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Students Tag And Release Monarch Butterflies

Kindergarten and fourth-grade students at Barringer Academic Center in Charlotte spent the last few months learning about the life cycle and migration patterns of the Monarch butterfly.

The Monarch is well known for its bright orange and black wings, but also for its annual migration from Mexico to Canada – and back – every year.

It's not on the endangered species list yet, but scientists are seeing fewer of them these days. Students in Charlotte have been helping scientists track the butterflies by tagging them with stickers.

At the Barringer Academic Center, students team up to release 24 butterflies into the wild. 

They open green mesh containers and watch as they fly from one students hand to the next. A butterfly the class named Emily was born just a few hours before they release her into the air. She flies out and scares a lot of students.

Emily is no ordinary Monarch butterfly. She's part of MonarchWatch. It's a project developed by scientists at the University of Kansas to allow anyone to help track Monarch butterflies.

Credit Tasnim Shamma
Emily is a monarch butterfly that students released on October 11. Because of her tag, University of Kansas researchers with Monarch Watch will be able to track her migration.

They attach white stickers on the butterflies' wings with a unique code. And after they release the butterflies, in the hopes that they find their way down to Mexico, the students will send the data they collected -- like the size of the butterfly -- to the researchers.


Earlier this year, scientists in Mexico said the amount of land monarch butterflies usually occupy dropped by nearly 60 percent – the lowest in two decades – when they first started to keep records. There are lots of reasons for this.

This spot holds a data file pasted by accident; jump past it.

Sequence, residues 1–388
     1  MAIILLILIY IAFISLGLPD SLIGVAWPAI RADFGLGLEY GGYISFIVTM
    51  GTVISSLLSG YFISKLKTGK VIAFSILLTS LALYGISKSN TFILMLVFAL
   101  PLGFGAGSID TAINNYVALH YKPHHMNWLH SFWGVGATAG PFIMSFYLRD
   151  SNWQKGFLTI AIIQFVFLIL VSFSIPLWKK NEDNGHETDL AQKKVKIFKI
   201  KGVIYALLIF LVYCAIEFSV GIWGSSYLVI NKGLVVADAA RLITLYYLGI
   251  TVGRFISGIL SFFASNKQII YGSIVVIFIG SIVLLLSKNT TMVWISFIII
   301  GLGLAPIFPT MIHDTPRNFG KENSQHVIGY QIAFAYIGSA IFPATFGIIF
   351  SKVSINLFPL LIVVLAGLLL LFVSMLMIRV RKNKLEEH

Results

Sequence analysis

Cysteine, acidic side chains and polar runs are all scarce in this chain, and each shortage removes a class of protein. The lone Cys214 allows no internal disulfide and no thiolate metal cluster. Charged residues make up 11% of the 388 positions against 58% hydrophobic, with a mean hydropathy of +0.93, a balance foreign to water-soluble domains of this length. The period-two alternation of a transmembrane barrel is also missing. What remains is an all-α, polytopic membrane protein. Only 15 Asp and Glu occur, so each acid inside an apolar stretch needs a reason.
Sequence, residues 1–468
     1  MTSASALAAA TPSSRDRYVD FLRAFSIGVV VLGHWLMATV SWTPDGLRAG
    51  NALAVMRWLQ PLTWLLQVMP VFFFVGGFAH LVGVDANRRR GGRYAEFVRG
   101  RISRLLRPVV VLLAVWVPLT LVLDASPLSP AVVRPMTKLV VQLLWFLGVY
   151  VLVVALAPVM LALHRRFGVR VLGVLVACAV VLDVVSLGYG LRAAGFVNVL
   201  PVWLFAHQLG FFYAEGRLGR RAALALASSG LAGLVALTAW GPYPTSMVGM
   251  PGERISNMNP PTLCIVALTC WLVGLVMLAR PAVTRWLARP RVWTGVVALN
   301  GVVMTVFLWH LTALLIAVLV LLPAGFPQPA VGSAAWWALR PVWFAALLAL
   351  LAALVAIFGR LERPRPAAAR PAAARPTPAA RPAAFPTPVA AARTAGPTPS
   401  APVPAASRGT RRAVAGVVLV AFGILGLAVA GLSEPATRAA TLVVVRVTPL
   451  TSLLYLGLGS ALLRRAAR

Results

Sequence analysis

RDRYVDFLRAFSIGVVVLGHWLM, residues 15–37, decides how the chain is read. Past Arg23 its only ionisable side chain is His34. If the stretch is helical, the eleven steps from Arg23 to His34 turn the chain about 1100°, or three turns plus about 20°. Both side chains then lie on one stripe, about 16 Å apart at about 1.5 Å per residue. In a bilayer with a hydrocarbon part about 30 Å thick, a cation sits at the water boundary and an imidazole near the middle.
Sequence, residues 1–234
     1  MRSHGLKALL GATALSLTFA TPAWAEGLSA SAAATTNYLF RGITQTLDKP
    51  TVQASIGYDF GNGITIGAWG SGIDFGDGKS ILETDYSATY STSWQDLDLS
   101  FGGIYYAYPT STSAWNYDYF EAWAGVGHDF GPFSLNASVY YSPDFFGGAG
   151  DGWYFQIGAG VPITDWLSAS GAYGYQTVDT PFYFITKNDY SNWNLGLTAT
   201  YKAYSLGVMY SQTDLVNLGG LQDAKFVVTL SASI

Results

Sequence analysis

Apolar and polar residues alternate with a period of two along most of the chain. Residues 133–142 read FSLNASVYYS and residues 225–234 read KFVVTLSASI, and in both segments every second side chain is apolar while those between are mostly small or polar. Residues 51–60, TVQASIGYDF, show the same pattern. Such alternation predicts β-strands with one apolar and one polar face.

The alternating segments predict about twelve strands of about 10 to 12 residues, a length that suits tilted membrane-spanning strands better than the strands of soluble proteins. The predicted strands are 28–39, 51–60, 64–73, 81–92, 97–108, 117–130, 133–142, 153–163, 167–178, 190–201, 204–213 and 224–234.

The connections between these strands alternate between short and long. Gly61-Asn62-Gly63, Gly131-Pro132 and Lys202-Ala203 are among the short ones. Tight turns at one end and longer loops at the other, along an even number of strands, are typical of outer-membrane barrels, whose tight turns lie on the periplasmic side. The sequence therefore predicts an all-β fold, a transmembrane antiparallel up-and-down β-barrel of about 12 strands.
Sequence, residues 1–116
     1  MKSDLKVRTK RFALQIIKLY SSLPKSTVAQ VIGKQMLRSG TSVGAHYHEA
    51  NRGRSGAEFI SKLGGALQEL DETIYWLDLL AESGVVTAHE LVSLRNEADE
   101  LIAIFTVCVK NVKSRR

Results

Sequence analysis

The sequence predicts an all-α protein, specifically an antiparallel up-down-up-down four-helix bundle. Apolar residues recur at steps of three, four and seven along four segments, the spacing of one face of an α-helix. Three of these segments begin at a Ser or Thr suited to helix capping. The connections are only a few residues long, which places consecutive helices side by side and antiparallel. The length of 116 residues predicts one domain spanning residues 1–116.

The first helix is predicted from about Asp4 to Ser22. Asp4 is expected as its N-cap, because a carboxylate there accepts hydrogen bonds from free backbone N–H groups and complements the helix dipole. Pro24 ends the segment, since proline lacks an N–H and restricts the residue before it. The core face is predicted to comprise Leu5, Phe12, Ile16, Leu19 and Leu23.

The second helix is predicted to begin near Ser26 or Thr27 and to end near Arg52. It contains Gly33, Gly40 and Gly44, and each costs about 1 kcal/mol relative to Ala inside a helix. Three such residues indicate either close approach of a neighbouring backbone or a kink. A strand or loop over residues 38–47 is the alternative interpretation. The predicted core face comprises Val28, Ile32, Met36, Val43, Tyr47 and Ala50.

Just ask nine-year-old Ester Mota:

Credit Tasnim Shamma
Classmates Ester Mota and Hari Potharaju, both 9, dressed up as butterflies for their dance called The Flight of The Butterflies.

"People log, so it takes down their habitats and then we spray pesticides all over the place and it gets the monarchs very sick and they can die," she says. 

The pesticides also kill a plant called milkweed that caterpillars eat.

Tagging the butterflies helps researchers figure out how long these butterflies fly before they die, how fast they fly and whether they even make it to Mexico.  

Ester's classmate, AldrichAfrfa, has watched the butterflies grow up in Mrs. Martha Abernethy's backyard from eggs to caterpillars to chrysalises to butterflies.

So, he feels like any parent would:

"I felt sad because the butterflies might have gone and then like died because there's like a lot of danger, so … but I did feel like kind of happy because there's an expression called, 'If you love something set it free'.  So, we just set them free. Plus they're all grown up."

In the spring, teachers will give their students milkweed seed packets so that they can attract caterpillars and care for their own butterflies.